Electrical problems may seems intractable and confusing, but they're actually fairly easy to diagnose once you know the basics. An electrical system can only fail in so many different ways; once you figure out what kind of failure you're dealing with, finding the source is just a matter of time and persistence. Just remember that electrical systems aren't week-old hot dogs. They don't "go bad," they just malfunction in one place or another.
Electrical system problems will often initially manifest as blown fuses. Fuses are the weak link in your electrical system, designed to overheat and fail before any of the accompanying wires do. If the bare metal under the insulation of a positive wire touches the frame or touches the bare metal core of a ground wire, the heat created during that brief contact will effectively weld the two together. The result is an overload in the circuit and blown fuses. Bear in mind, though, that frozen or malfunctioning electric motors can also cause blown fuses.
The average electrical system is a study in engineering convenience on the part of manufacturers. A car maker will often connect completely unrelated systems through the same electrical circuit; radios run through the dome light, transmission controllers run through the gauges and engine controls share a circuit with that electric flashing skull shifter knob. If activating your windshield wipers turns your radio off or rolling up the windows kills your engine, then odds are that you have an unintended crossover or short within a single system.
Random Accessory Shut-Off
Resistance in a circuit causes electrical energy to get stuck at the point of resistance. Since the energy can't go forward and more energy keeps piling up behind it, the electrical energy begins to "vibrate" and create heat. Since a given conductor can only move a certain amount of energy, any heat in the line will create a cascade effect of heat buildup. Eventually, the heat will get high enough that the circuit will blow a fuse or fail to transfer power to the accessory.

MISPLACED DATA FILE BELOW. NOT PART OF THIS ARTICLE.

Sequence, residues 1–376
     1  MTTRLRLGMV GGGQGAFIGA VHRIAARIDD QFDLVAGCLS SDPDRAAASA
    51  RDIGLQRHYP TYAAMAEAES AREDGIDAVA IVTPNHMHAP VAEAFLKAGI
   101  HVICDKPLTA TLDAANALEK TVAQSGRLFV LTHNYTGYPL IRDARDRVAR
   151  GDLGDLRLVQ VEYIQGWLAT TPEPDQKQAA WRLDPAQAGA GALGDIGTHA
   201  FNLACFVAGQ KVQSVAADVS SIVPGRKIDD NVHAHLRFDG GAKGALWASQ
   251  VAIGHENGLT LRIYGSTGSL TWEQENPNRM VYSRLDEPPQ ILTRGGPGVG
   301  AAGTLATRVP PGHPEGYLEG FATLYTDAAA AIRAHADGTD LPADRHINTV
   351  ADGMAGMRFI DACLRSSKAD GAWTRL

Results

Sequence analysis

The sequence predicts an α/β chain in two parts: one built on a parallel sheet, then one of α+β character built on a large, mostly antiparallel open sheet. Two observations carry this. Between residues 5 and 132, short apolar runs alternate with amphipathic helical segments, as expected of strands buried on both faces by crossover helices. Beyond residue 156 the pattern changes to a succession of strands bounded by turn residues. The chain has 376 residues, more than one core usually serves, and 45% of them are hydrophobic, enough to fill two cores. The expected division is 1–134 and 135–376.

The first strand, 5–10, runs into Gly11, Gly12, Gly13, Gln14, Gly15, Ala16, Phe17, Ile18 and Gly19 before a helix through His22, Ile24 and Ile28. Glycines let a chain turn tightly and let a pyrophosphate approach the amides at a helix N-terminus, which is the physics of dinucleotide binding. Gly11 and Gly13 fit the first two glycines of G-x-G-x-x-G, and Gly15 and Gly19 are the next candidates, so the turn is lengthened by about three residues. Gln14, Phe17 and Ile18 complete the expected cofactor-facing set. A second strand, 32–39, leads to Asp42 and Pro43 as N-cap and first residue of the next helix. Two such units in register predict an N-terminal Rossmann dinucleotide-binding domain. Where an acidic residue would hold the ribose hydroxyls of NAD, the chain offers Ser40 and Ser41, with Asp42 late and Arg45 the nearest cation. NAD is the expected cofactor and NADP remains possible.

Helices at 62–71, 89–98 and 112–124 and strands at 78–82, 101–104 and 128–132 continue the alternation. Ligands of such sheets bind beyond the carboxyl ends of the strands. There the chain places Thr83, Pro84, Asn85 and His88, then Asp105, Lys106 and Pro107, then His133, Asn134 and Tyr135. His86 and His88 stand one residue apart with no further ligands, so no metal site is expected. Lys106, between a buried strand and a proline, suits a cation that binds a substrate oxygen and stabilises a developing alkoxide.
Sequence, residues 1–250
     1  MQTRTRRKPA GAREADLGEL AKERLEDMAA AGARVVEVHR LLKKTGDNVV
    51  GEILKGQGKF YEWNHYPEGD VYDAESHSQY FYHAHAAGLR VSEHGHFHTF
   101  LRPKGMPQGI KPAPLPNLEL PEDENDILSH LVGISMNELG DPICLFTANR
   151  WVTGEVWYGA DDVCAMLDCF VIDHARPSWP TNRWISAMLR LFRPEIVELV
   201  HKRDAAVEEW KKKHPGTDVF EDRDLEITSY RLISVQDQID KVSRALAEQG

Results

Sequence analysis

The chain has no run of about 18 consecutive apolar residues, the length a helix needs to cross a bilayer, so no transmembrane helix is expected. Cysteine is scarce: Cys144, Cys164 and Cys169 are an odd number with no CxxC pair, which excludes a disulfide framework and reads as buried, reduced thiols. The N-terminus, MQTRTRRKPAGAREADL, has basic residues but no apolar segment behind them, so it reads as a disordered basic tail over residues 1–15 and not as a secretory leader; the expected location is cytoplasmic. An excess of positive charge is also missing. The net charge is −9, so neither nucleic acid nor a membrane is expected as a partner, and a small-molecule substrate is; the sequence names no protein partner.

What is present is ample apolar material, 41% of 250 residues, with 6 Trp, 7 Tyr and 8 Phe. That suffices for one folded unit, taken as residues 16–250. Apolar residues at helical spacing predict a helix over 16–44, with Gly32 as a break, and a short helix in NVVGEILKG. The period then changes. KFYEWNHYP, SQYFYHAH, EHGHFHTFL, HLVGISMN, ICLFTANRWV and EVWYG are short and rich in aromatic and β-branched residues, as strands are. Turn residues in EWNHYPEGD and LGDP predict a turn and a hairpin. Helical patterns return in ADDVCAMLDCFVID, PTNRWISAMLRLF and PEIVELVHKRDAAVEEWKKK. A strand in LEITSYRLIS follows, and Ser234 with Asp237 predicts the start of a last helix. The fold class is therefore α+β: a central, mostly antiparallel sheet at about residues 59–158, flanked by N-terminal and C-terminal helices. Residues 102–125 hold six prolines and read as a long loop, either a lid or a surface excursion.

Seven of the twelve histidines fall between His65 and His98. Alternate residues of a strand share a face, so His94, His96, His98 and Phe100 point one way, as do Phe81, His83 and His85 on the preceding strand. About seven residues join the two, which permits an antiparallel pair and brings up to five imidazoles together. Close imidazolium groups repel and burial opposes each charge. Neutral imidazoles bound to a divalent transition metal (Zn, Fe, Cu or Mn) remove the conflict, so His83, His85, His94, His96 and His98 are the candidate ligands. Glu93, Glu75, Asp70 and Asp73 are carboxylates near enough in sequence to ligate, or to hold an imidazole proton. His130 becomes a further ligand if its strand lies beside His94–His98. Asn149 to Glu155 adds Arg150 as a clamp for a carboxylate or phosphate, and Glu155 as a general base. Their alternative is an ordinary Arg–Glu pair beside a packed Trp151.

Battery Death and Amp Draw
If you park your car at night and constantly find that the battery has died by morning, then odds are that you're experiencing some kind of short or amp draw (accessory not turning off). To test for a short in the system, remove both battery cables and connect a digital multimeter (set to ohms of resistance) and touch the probes to your cable terminals. It should read somewhere around 100 ohms; if it reads zero ohms, then you have a dead short in the system. To test for amp draw, disconnect the positive terminal, set your DMM to read in the 10-amp range and touch the probes to the positive battery terminal and battery cable terminal. You should get a reading in the milliamp (0.001-amp to 0.009-amp) range. Any higher than that and something isn't turning off.
- "How to Diagnose and Repair Automotive Electrical Systems; Tracy Martin; 2005
- "Foundations of Electrical Engineering"; John Cogdell; 1995
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